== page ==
All rats were bred and housed in our own animal facility. They were kept under strict hygienic conditions and had free access to food and acidulated water. All experiments were performed in accordance with the regulations for animal care of the Ministry of Nutrition, Agriculture, and Forestry of the Government of Mecklenburg-Vorpommern (Germany).

Two breeding pairs were fed a high-fat diet (HFD; Ssniff R-Z + 10 % tallow, Soest, Germany) or a normal diet (ND; Ssniff R-Z) 1 week before mating and afterward during pregnancy. After the birth of progeny, parents continued to be given a HFD or ND until the progeny was weaned (3 weeks). At 3 weeks postpartum, offspring were weaned, and the sexes caged separately and fed the same food as their parents up to an age of 4 weeks. Body weight of one complete litter was measured at an age of 4 weeks, and then 13 rats (6M:7F) fed HFD and 13 rats (7M:6F) fed ND were killed with an overdose of anesthesia (Sevofluran, Abbott, Germany) to analyze the gene expression in bone.

RNA isolation

At the time of euthanasia, the tibial bone was harvested from the proximal metaphysis to the tibiofibular junction, excluding all cartilaginous and soft tissue. The tibias were snap frozen in liquid nitrogen and pulverized. Total RNA was extracted with Trizol (Qiagen, Hilden, Germany). Residual DNA was removed by DNase treatment (RNase-Free DNase Set; Qiagen, Hilden, Germany) according to the manufacturer’s instructions. A defined amount of purified RNA (1.5 μg) from bone samples was transcribed into cDNA and stored at −20 °C until use, as detailed before (Klöting et al. 2005a, b).

Real-time polymerase chain reaction (qRT-PCR)

Real-time polymerase chain reaction (qRT-PCR) was performed using the ABI PRISM Sequence Detection System 7000 (Perkin-Elmer Applied Biosystems, Foster City, CA, USA) according to the manufacturer’s instructions, using ABI PRISM 7000 SDS Software v1.1. described in detail elsewhere (Klöting et al. 2005a). Each quantitative PCR was performed in duplicate.

Target cDNAs were amplified by primer sets as summarized in Table 1 in Supplementary Material and described earlier (Klöting and Klöting 2004; Klöting et al. 2005a, 2006). The rat 18SrRNA gene (eukaryotic 18SrRNA endogenous control; FAM Dye/MGB Probe, Applied Biosystems) served as the endogenous reference gene. The melting curve was done to ensure specific amplification.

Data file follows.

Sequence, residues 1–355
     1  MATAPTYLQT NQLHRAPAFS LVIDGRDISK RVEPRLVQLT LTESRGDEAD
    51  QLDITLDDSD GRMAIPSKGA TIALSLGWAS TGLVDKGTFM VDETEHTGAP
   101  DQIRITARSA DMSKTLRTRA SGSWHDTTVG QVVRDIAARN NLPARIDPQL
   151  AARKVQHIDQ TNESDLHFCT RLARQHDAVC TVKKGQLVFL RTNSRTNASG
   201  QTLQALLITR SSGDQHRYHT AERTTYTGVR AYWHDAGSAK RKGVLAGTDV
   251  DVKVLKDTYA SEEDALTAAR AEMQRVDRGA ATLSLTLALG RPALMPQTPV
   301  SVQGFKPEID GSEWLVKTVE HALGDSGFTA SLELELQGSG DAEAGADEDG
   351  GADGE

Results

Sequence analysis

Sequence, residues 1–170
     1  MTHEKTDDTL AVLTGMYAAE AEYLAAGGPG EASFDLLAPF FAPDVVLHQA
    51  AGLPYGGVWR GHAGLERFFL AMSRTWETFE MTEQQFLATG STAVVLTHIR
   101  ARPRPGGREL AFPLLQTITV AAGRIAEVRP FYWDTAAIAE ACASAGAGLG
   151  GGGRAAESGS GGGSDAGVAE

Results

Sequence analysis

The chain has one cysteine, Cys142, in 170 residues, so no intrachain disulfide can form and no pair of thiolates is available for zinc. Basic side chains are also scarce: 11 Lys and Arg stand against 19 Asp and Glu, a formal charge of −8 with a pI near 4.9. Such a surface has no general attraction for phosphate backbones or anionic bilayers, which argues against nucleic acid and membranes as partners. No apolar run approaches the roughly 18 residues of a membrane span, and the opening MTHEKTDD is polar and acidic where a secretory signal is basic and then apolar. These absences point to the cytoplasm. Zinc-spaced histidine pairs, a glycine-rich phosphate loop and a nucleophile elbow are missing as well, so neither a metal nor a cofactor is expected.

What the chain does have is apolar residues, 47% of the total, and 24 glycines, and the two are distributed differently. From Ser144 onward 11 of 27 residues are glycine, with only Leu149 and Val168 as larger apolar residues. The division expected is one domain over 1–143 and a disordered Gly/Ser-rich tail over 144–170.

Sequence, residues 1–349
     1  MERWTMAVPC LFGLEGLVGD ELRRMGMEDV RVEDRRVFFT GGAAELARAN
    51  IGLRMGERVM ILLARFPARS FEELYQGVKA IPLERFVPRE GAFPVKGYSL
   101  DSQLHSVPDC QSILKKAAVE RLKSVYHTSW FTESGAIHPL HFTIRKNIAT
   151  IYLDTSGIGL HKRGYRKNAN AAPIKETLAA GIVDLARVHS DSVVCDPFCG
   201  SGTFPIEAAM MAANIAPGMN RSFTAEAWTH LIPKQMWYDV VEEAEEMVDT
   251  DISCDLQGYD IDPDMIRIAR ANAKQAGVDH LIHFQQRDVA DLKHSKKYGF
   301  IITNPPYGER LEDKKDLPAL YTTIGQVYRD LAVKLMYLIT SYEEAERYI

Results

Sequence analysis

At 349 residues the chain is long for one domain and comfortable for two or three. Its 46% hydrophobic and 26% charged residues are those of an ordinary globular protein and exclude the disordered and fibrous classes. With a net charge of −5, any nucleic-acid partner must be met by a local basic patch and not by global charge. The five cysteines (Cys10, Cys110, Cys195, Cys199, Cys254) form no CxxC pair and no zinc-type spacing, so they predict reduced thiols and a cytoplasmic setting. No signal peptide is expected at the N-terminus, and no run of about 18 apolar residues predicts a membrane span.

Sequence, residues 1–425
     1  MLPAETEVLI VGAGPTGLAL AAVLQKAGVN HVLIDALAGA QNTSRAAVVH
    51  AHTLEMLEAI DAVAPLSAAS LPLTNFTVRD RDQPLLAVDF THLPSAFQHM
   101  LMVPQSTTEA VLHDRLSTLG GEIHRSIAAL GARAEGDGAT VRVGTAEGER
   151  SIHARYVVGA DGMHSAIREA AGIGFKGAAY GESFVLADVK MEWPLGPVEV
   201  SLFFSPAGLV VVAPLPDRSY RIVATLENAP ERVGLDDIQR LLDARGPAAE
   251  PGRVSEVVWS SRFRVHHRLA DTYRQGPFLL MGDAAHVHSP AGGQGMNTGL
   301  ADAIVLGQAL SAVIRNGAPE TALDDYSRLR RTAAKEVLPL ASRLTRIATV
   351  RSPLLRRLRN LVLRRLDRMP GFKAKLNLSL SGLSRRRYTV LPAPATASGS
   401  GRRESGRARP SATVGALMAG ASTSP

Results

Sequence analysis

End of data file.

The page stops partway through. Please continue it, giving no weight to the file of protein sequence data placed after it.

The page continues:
The standard-curve method was used for relative quantification. For each experimental sample, the amounts of targets and endogenous reference, 18SrRNA, were determined from the calibration curve. The target amount was then divided by the endogenous reference amount to obtain a normalized target value. The relative gene target expression was also normalized to the normal diet-group tissue sample (calibrator). Each of the normalized target values was divided by the calibrator-normalized target value to generate the final relative expression. Final results are expressed as N-fold differences in selected gene expression relative to the 18srRNA gene and the calibrator.

Statistical analysis

Data are given as mean ± SEM, and differences were assessed by two-way analysis of variance using the statistical analysis system SPSS (SPSS Inc., Chicago, IL, USA). Significant differences are given as follows: *p < 0.05; **p < 0.01; ***p < 0.001.

Results

At first, all rats fed a HFD were significantly heavier than rats fed a ND after weaning and 1 week later, as shown in Fig. 1. The diet also influenced the expression of genes in bone as summarized in Fig. 2. There were significant differences in 20 out of 53 genes studied between rats fed a HFD compared with rats fed a ND. One can differentiate between genes that were significantly more highly expressed in ND-fed rats (4/20) or more highly expressed in HFD rats (17/20), but gene expression also showed obvious differences between males and females. Contrary expression patterns between males and females were observed in two genes (Npy and Foxg1) differing between HFD and ND. In males, the gene expression was significantly increased, whereas in females, the gene expression was decreased in HFD. Another expression behavior was found in Bmp4 and Aft4: both genes were significantly increased in male and female rats fed a HFD. Comparing HFD males and females, there were eight out of 20 genes in males (Lpr, Repin1, Dlk1, Ccl2, Col11a2, Mmp9, RT1Da, and Bmp3) and eight out of 20 genes in females (Lep, Slc2a4, Rnd3, Nfkb, Ppp3a, Vegf, Cd1, and Ibsp), which were significantly more highly expressed in only one sex. They were uniquely increased in males and females, respectively. In addition, three genes in males (Foxg1, Mmp9, and Bmp3) and two genes in females (Rnd3 and Ibsp) particularly stand out, because they are several times more highly expressed in HFD than ND rats (p < 0.001) and than all the other genes shown in Fig. 2.